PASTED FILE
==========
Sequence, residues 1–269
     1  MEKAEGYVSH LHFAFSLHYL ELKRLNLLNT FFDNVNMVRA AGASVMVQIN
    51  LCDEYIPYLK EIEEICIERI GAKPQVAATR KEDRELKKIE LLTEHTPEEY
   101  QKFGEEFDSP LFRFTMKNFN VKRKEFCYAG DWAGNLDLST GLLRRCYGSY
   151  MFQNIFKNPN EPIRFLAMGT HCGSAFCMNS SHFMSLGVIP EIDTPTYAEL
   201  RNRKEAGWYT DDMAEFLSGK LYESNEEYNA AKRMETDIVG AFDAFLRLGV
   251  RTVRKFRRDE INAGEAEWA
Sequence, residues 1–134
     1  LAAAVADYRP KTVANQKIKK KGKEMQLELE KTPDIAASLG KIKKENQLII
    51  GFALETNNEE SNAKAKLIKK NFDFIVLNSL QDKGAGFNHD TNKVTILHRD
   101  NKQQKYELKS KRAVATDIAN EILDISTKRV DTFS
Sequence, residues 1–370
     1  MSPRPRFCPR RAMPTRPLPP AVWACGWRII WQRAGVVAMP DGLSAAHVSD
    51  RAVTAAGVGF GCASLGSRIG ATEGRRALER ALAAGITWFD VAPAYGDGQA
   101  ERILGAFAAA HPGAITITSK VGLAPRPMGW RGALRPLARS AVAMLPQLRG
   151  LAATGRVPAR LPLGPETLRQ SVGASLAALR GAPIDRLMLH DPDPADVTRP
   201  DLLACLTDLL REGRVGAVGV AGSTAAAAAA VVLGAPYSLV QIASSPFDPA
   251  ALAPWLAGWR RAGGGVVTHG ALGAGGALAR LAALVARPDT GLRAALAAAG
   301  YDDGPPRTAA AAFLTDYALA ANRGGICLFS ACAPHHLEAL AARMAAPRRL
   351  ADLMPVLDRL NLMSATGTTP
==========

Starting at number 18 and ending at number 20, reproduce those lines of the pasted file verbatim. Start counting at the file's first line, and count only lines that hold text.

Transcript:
   251  ALAPWLAGWR RAGGGVVTHG ALGAGGALAR LAALVARPDT GLRAALAAAG
   301  YDDGPPRTAA AAFLTDYALA ANRGGICLFS ACAPHHLEAL AARMAAPRRL
   351  ADLMPVLDRL NLMSATGTTP